James Stephens was born in Blackmill Street in Kilkenny City in 1824. He was a civil engineer by profession. He was only 24 when the failure of William Smith O’Brien’s attempted insurrection in 1848 cut short his professional career.
He went on the run and escaped to France, where he remained for about nine years. In 1857 he returned to Ireland at a time when the Republican movement was at a low ebb and, by his optimism and energy, he held the membership together and injected new life and progressiveness to their endeavours.
On St. Patrick’s Day, 1858 he founded the Irish Republican Brotherhood and soon merged it into the small revolutionary groups which were still in existence. He wrote the oath which was to be taken by all who joined it. He insisted on having all authority vested in himself. This was the chief strength of the organisation in its early years, but it proved to be its undoing when the real crisis came.
Most young men who met Stephens during his recruiting thought he was phenomenally able, and he cultivated that belief by telling them stories about his accomplishments, e.g. as a great fiddler a very accurate rifle shot. His air of supreme confidence always impressed the men and they would go away satisfied.
His stated belief that the organisation in America was strong, and that all the necessary arms would arrive from there, served to discourage the purchase of rifles in Britain, where there were few restrictions on their sale.
In 1863 James Stephens married Jane Hopper, with whose family he was living in Dublin. When the planned insurrection was postponed in 1866 it was on Stephens order. He and a colleague, Colonel Kelly, left for new York by a circuitous route via Scotland, England and France.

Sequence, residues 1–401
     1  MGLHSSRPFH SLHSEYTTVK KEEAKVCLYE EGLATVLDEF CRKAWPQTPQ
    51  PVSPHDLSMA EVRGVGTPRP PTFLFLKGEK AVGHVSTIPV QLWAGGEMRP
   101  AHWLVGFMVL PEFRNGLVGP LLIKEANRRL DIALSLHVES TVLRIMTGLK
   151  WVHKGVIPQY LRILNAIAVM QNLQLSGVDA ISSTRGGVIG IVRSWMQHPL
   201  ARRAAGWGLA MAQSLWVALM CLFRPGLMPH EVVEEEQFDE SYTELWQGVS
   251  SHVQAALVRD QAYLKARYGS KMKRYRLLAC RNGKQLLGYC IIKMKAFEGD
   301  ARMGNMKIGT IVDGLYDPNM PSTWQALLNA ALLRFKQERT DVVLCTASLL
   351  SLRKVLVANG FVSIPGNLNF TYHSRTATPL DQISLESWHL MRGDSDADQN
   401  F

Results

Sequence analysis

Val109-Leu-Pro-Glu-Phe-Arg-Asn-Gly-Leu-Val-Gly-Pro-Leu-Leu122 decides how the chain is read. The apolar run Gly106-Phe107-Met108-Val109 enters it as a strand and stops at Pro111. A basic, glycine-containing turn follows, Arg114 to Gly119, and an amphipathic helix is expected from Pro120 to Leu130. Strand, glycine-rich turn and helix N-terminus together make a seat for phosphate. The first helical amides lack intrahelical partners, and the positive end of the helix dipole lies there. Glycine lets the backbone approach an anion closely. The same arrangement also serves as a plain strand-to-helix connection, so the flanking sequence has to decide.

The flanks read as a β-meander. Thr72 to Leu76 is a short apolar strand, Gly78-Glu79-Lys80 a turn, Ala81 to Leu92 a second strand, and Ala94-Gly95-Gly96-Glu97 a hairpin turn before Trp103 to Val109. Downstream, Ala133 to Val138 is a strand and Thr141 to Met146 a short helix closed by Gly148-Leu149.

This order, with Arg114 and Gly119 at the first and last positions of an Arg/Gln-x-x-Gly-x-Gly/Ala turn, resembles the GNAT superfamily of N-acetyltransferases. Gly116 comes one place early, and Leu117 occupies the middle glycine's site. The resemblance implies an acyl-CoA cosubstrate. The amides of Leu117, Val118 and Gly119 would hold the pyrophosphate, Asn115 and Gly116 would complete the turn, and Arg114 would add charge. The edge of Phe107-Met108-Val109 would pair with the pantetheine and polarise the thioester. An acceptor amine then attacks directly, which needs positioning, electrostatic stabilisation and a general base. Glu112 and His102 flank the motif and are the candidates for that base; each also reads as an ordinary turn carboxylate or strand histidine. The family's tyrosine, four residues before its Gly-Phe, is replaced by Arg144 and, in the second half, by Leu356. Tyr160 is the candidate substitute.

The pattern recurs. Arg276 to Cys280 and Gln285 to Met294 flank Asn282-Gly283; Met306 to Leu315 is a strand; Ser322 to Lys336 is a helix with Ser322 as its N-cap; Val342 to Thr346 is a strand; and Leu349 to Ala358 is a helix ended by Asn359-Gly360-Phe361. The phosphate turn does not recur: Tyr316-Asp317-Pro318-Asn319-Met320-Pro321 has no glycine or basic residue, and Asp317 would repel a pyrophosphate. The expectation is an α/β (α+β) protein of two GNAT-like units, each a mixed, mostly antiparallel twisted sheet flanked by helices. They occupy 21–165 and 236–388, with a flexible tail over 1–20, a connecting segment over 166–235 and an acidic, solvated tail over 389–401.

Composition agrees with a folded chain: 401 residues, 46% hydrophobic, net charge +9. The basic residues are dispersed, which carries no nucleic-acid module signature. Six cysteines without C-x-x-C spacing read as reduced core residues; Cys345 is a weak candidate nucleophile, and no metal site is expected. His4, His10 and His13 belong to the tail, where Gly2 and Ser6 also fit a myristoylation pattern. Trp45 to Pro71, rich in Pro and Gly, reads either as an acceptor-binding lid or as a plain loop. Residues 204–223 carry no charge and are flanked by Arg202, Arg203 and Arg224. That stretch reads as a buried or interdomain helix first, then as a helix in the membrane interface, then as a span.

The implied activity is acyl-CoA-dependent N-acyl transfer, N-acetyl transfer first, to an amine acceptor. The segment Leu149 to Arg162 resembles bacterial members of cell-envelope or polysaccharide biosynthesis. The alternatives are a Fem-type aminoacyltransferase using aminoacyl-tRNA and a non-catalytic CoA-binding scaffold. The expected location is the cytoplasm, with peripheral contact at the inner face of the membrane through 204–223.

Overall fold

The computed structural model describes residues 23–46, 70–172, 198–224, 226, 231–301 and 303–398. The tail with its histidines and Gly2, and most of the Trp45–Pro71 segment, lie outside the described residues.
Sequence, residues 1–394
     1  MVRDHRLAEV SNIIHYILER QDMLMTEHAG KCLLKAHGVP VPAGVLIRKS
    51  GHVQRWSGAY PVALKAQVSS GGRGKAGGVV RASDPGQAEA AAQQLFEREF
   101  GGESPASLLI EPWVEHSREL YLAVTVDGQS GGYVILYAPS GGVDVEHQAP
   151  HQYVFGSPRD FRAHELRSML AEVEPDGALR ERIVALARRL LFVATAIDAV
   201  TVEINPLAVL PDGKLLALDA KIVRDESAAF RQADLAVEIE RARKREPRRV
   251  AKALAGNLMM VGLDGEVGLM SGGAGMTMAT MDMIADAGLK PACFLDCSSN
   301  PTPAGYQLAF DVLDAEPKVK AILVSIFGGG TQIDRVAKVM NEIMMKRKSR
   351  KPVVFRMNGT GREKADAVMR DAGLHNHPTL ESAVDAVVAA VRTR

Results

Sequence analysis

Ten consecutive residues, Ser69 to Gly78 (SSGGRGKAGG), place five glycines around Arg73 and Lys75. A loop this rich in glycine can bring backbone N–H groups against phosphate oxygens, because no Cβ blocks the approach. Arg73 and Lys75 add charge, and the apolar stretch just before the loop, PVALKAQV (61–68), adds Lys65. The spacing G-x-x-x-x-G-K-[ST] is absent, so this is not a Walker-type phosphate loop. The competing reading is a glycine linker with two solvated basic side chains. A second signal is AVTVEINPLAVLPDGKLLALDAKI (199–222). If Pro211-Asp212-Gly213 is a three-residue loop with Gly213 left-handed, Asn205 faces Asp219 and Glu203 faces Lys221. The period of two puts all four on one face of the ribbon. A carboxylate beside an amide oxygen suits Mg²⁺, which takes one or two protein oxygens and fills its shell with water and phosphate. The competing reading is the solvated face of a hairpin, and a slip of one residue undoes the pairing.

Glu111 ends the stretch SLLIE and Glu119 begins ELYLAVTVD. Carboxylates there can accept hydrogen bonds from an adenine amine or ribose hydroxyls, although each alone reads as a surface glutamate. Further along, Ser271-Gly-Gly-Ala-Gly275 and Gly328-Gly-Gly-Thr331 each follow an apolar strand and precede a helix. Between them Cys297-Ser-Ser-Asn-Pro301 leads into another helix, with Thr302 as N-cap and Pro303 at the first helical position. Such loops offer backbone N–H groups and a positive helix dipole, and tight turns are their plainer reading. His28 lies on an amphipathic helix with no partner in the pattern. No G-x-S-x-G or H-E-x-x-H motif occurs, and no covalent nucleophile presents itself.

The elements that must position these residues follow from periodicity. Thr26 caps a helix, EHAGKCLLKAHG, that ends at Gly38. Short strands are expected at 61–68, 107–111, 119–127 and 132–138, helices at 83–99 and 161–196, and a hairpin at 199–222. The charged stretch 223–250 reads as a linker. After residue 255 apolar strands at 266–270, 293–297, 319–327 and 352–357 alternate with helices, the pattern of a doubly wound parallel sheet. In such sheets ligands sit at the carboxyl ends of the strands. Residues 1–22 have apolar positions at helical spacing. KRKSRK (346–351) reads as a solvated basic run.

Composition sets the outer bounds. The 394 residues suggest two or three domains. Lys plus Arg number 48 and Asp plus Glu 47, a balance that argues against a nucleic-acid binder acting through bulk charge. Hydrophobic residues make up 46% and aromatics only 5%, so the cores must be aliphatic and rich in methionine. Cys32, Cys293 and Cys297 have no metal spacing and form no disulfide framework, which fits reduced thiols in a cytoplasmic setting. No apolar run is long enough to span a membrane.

James Devoy, in his recollections, states that the trip to America was a complete failure and that nothing resulted from it in spite of much posturing and speechifying by Stephens. Many heated meetings were held in late 1866 and eventually James Stephens was deposed as leader amd Col. Kelly was elected in his place.
Stephens later sailed to France where he lived for many years until he was expelled at the request of the British. After another short and unsuccessful spell in New York he returned to Europe and lived in Switzerland for some time until the British Government permitted him to return to Ireland. He wrote articles for the Freeman’s Journal on his recollections and died in Blackrock on April 9th, 1901.
James Stephens held the title of Chief Organiser of the Republic of Ireland (C.O.R.I.). Devoy’s assessment of him was
as a successful organiser, Stephens holds a prominent place among those who in numerous generations endeavoured to direct Ireland’s efforts towards the achievement of national independence…..the extent to which he propagated the principles of Fenianism made an indelible impress on the national consciousness of Ireland.
The last honour paid to Stephens was to place his remains side by side with some of his notable Fenian comrades of the 1867 period in the Patriots’ Plot in Glasnevin.